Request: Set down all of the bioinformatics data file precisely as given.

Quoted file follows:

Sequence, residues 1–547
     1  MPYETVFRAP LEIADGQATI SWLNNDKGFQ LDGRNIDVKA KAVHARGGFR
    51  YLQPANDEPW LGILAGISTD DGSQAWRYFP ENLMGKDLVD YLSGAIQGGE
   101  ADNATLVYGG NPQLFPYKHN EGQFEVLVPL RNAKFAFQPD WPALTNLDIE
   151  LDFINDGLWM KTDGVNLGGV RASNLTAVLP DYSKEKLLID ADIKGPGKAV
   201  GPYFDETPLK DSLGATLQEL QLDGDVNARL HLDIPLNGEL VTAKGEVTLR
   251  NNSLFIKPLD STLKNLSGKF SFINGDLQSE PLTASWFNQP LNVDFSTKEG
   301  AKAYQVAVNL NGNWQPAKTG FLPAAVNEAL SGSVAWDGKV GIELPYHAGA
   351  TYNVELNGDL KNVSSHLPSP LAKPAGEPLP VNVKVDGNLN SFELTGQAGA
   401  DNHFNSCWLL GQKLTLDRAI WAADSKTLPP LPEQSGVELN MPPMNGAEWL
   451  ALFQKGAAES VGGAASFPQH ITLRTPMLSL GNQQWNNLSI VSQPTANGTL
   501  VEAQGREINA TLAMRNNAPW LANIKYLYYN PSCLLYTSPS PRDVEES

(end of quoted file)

Sequence, residues 1–547
     1  MPYETVFRAP LEIADGQATI SWLNNDKGFQ LDGRNIDVKA KAVHARGGFR
    51  YLQPANDEPW LGILAGISTD DGSQAWRYFP ENLMGKDLVD YLSGAIQGGE
   101  ADNATLVYGG NPQLFPYKHN EGQFEVLVPL RNAKFAFQPD WPALTNLDIE
   151  LDFINDGLWM KTDGVNLGGV RASNLTAVLP DYSKEKLLID ADIKGPGKAV
   201  GPYFDETPLK DSLGATLQEL QLDGDVNARL HLDIPLNGEL VTAKGEVTLR
   251  NNSLFIKPLD STLKNLSGKF SFINGDLQSE PLTASWFNQP LNVDFSTKEG
   301  AKAYQVAVNL NGNWQPAKTG FLPAAVNEAL SGSVAWDGKV GIELPYHAGA
   351  TYNVELNGDL KNVSSHLPSP LAKPAGEPLP VNVKVDGNLN SFELTGQAGA
   401  DNHFNSCWLL GQKLTLDRAI WAADSKTLPP LPEQSGVELN MPPMNGAEWL
   451  ALFQKGAAES VGGAASFPQH ITLRTPMLSL GNQQWNNLSI VSQPTANGTL
   501  VEAQGREINA TLAMRNNAPW LANIKYLYYN PSCLLYTSPS PRDVEES